Lizzo offers a lesson for us all

OPINION: She reflected, learned and had enough grace to respect her critics and address their concerns.

Lizzo performs during her 'Cuz I Love You Too Tour' at Radio City Music Hall on September 22, 2019 in New York City. (Photo by Steven Ferdman/Getty Images)

Editor’s note: The following article is an op-ed, and the views expressed are the author’s own. Read more opinions on theGrio.

The legend of Lizzo has grown even greater. She’s a beloved, body-positive, life-affirming pop star who makes us feel better about ourselves. She’s a star who serves the people rather than asking the people to worship her like she’s royalty. In her music, she serves us self-esteem and self-love. Her recent smash “About Damn Time” had us all singing along “I’m way too fine to be this stressed” and “I got a feeling I’m gon’ be alright.” She loves building us up. 

But a recent single hurt a lot of people’s feelings. Her song “Grrrls,” which feels like a girl-power anthem, included the word “spaz,” which she meant harmlessly, as in losing control. But of course, even in that context, it’s an offensive term for people with spastic diplegia, a type of cerebral palsy. A lot of people with disabilities were hurt that Lizzo used the word, which has been flung at them with the intention of demeaning or silencing them. What was Lizzo going to do?

She did not know when she wrote the song that the word would be hurtful to some. She didn’t intend for the word to be derogatory. But nowadays, we know that impact is more important than intention—just saying I didn’t intend for something to happen isn’t an excuse. We also know that it’s important to be mindful of everyone’s feelings even if there’s just a minority of the world that’s triggered.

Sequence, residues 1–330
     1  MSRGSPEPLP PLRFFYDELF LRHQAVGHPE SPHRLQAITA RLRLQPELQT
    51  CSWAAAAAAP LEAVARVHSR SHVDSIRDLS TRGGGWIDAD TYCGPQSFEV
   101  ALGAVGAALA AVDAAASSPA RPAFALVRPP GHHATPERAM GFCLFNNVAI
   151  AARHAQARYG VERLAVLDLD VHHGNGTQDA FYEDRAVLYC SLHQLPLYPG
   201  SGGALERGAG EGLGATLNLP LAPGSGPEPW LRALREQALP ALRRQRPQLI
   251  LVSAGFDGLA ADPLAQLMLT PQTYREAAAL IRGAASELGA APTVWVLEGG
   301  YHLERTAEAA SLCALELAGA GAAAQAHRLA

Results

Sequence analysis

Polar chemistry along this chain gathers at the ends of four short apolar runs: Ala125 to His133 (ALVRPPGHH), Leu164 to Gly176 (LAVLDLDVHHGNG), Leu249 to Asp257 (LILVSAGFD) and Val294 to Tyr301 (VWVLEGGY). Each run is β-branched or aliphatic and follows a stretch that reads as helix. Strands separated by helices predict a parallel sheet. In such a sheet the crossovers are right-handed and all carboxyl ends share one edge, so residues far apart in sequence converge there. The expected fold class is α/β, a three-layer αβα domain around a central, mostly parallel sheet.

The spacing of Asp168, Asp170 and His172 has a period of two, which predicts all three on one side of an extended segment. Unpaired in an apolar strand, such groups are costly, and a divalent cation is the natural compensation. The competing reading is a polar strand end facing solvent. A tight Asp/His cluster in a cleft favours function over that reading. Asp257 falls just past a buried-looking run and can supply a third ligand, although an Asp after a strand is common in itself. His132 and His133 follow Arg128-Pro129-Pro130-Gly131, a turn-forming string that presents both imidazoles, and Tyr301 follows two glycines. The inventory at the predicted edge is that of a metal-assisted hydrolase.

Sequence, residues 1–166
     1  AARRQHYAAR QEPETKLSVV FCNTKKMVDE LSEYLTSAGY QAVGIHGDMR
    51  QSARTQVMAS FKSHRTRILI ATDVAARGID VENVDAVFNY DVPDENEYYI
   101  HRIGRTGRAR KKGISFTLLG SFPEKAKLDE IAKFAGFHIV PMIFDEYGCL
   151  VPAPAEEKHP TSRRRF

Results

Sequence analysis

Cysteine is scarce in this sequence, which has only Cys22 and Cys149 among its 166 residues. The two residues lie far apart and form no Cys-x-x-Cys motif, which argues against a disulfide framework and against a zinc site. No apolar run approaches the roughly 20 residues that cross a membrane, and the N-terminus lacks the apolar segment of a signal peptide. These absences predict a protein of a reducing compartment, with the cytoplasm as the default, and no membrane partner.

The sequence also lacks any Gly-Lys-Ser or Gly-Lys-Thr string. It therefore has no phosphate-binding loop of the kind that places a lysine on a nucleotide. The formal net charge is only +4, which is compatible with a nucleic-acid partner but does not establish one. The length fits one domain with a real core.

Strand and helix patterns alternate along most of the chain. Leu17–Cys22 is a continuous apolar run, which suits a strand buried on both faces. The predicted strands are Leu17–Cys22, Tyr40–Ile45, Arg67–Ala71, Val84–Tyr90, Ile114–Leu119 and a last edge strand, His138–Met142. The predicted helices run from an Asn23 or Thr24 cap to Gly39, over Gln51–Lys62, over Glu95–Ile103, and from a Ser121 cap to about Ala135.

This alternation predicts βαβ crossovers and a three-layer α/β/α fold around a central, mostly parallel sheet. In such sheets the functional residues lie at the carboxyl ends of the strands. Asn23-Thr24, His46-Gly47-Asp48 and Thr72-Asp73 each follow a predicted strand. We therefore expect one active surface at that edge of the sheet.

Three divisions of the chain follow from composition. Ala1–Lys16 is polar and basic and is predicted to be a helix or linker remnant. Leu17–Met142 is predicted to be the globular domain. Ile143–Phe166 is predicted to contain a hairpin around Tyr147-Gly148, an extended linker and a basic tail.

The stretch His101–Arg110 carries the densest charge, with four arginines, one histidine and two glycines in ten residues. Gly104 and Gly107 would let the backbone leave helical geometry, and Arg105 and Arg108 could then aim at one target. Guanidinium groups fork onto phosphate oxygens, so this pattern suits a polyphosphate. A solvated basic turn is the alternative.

Lizzo could’ve said some version of “I didn’t know” or “don’t be so sensitive,” but instead she rose to the occasion, which fits who she is in the public sphere. She responded to the critique with humility. She released a thoughtful Instagram post. She listened and she related to the concern—“As a fat Black woman,” she wrote on Instagram, “I’ve had many hurtful words used against me.” She reflected and she learned and she had enough grace to respect her critics and address their issues. She had released the song on Friday but by Monday, she had changed it, erasing the offensive word and setting a powerful example. 

This is not necessarily a model for all situations. Art should sometimes often make people uncomfortable. But it should do so intentionally and with an eye toward fomenting justice rather than perpetuating the struggles of a marginalized group. 

If Lizzo, or someone like her, made a song denouncing Karens as a group who are weaponizing white privilege and thus putting Black people in danger that could be powerful. It could also make a lot of people uncomfortable. They might complain. But that’s OK—calling them out would be like speaking truth to power. It would be an important message that I would urge her to hold on to in spite of upset voices. 

Lizzo used a word that’s been sloshing around in many people’s vocabulary for a long time without realizing its power to offend. But when the word’s power was brought to her attention, she listened and she adjusted. An old world is falling away now, a world where slurs and actions that offend are being called out and people are being pushed to be thoughtful of those in marginalized communities. People who care about helping the world grow more inclusive will be responsive when they are taught that a word or an action is offensive. People who say “You’re being too sensitive” or “it’s just the work mob” are part of the problem. I’m proud of how Lizzo handled this, and I hope we all can follow her example if we make a mistake and listen and learn and adjust because it’s important to be sensitive to the needs of others.


Touré hosts the podcast “Touré Show” and the podcast docuseries “Who Was Prince?” He is also the author of seven books.

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